Facet injections (intraarticular injections and medial branch blocks) are used to treat chronic back pain from facet joint origin, using anesthetic agents with or without or steroids. A facet block is an injection into or around the synovial joints formed by the facets on the articular processes of contiguous vertebrae.

The American Society of Anesthesiologists (ASA) (1997) has stated that the goals of pain management are to:

In 2009, Manchikanti and colleagues issued updated comprehensive evidence-based guidelines for interventional techniques in the management of chronic spinal pain. The guideline recommends diagnostic facet joint nerve block for individuals with pain that has lasted at least 3 months with failure to respond to conservative therapy, including chiropractic care, physical therapy modalities with exercises, and non-steroidal anti-inflammatory agents.

In a 2008 update of the Cochrane Database Systematic Review, Staal and associates stated that the effectiveness of injection therapy for low-back pain is still debatable. Heterogeneity of target tissue, pharmacological agent and dosage generally found in randomized controlled trials (RCTs) points to the need for clinically valid comparisons in a literature synthesis. However, it cannot be ruled out that specific subgroups of individuals may respond to a specific type of injection therapy.

A technology assessment published by the Agency for Healthcare Research and Quality (AHRQ, 2015) conducted a systematic review of injection therapies for lower back pain which included 13 trials for facet joint injections. The publication concluded:

Studies found no clear differences between various facet joint corticosteroid injections (intra-articular, extra-articular [peri-capsular], or medial branch) and placebo interventions. There was insufficient evidence from one very small trial to determine effects of peri-articular sacroiliac joint corticosteroid injections.

Chou and colleagues (2009) evaluated clinical data for the American Pain Society Clinical Practice Guideline: Nonsurgical Interventional Therapies for Low Back Pain. They found that evidence from randomized, placebo controlled trials showing benefits of most interventional injection therapies for back pain is limited. More evidence is needed to demonstrate efficacy of injection therapies that target presumed facet joint for sacroiliac joint pain. For radiculopathy, there is fair evidence of benefits associated with epidural steroid injections; however, the decision to use epidural steroid injection should take into account the short-term nature of symptom relief and inconsistent results of epidural steroid trials. More well-designed randomized trials are needed to guide appropriate use of injection therapy for back pain.

Pain management presents a major challenge to healthcare providers because of its complex natural history and unclear etiology. Clinical decision making for diagnosing and treating chronic pain is difficult due to the subjective nature of pain. Although there are clinical studies for facet injections, the results vary with respect to the degree and duration of pain relief and it is difficult to standardize treatment models.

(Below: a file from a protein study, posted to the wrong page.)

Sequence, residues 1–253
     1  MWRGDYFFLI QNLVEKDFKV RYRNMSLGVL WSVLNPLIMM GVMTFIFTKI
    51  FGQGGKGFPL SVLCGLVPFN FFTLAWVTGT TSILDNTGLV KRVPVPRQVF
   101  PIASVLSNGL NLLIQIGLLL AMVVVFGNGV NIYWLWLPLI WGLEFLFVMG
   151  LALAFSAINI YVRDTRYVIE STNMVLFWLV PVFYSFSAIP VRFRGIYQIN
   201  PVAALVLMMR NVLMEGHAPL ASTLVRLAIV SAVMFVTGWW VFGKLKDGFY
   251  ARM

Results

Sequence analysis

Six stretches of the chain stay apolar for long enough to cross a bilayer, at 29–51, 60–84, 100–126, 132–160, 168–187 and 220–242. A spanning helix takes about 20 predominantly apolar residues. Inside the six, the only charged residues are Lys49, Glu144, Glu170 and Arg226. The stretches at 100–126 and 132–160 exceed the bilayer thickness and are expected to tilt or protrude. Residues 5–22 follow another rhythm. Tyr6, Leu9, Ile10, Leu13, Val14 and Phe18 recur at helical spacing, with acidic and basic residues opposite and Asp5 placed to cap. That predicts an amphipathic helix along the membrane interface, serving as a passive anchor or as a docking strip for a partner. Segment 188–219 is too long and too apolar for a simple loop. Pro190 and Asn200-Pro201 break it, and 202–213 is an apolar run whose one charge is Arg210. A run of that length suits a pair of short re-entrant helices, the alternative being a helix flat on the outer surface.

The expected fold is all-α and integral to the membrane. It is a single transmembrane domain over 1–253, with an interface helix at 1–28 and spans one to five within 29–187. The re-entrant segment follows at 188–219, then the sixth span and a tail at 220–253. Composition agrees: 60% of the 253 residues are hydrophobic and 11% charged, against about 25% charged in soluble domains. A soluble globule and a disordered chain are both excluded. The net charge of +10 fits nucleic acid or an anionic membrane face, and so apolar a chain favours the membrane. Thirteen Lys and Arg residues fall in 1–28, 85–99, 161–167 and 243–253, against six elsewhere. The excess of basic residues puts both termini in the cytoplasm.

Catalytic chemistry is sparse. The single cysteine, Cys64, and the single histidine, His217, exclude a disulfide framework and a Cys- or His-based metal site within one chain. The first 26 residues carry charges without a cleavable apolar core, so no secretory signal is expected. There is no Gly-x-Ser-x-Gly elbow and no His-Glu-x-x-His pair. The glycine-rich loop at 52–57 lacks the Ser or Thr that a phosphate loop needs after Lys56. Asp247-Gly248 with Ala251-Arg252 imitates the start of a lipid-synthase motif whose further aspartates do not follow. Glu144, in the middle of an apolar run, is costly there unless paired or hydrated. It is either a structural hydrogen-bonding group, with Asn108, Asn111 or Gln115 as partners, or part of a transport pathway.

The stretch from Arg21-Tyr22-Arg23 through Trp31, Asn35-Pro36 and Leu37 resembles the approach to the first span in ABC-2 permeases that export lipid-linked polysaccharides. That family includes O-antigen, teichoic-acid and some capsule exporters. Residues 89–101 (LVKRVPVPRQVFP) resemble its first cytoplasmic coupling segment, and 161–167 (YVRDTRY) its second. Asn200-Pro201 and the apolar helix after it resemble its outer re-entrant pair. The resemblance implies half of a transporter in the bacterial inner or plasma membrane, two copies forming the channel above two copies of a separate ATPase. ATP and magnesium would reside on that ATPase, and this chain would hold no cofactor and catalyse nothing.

In a retrospective multicenter study of 262 participants, Cohen and colleagues (2008) compared lumbar zygapophyseal joint radiofrequency denervation success rates between the conventional 50% or more thresholds and the more stringently proposed at least 80% cutoff. A total of 145 participants had greater than 50% but less than 80% relief after medial branch block and 117 obtained 80% relief. The authors concluded that using more stringent pain relief criteria when selecting candidates is unlikely to improve success rates, and may lead to misdiagnosis and withholding a potentially valuable treatment.

Diagnostic medial branch blocks have been established as the standard for diagnosing facetogenic pain. In a prospective multicenter study Cohen and colleagues (2013) evaluated optimal cutoff threshold for diagnostic lumbar facet blocks. A positive diagnostic block was defined as pain relief of 50% or more during the injection procedure with the individual being able to carry out previously painful maneuvers. The authors concluded that employing more stringent selection criteria would likely result in withholding treatment from a substantial number of individuals, without improving success rate.


Non-radicular back pain: Pain which does not radiate along a dermatome (sensory distribution of a single root). Appropriate imaging does not reveal signs of spinal nerve root compression and there is no evidence of spinal nerve root compression seen on clinical exam.

Radicular back pain: Pain which radiates along a dermatome (sensory distribution of a single root) into an upper or lower extremity. Evidence of spinal nerve root compression may be seen on clinical exam and supported by appropriate imaging (generally Magnetic Resonance Imaging [MRI]) studies.

Radiculopathy: Radiculopathy is characterized by pain which radiates from the spine to extend outward to cause symptoms away from the source of the spinal nerve root irritation.

Straight leg raise test: In the supine position and the leg is elevated, with the knee held in extension by the clinician, up to 70 degrees; a positive test reproduces radicular pain along the path of a nerve root in the 30- to 70-degree range of elevation.